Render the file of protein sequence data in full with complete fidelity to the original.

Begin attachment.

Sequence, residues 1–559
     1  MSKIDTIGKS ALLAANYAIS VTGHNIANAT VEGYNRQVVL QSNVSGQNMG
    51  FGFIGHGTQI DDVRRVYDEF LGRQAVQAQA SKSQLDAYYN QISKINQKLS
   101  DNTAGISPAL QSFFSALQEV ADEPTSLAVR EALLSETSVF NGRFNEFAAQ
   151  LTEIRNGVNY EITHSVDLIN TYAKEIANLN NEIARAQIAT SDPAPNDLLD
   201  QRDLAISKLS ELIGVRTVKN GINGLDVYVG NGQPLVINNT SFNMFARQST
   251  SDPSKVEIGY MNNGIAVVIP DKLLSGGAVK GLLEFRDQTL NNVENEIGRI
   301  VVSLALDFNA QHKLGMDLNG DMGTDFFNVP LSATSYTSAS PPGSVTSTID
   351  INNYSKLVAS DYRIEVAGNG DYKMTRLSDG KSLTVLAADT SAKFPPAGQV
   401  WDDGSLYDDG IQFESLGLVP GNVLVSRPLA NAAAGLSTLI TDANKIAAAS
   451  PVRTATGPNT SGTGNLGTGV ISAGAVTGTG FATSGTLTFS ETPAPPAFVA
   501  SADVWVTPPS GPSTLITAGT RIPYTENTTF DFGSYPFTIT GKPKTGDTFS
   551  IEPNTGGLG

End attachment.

Sequence, residues 1–559
     1  MSKIDTIGKS ALLAANYAIS VTGHNIANAT VEGYNRQVVL QSNVSGQNMG
    51  FGFIGHGTQI DDVRRVYDEF LGRQAVQAQA SKSQLDAYYN QISKINQKLS
   101  DNTAGISPAL QSFFSALQEV ADEPTSLAVR EALLSETSVF NGRFNEFAAQ
   151  LTEIRNGVNY EITHSVDLIN TYAKEIANLN NEIARAQIAT SDPAPNDLLD
   201  QRDLAISKLS ELIGVRTVKN GINGLDVYVG NGQPLVINNT SFNMFARQST
   251  SDPSKVEIGY MNNGIAVVIP DKLLSGGAVK GLLEFRDQTL NNVENEIGRI
   301  VVSLALDFNA QHKLGMDLNG DMGTDFFNVP LSATSYTSAS PPGSVTSTID
   351  INNYSKLVAS DYRIEVAGNG DYKMTRLSDG KSLTVLAADT SAKFPPAGQV
   401  WDDGSLYDDG IQFESLGLVP GNVLVSRPLA NAAAGLSTLI TDANKIAAAS
   451  PVRTATGPNT SGTGNLGTGV ISAGAVTGTG FATSGTLTFS ETPAPPAFVA
   501  SADVWVTPPS GPSTLITAGT RIPYTENTTF DFGSYPFTIT GKPKTGDTFS
   551  IEPNTGGLG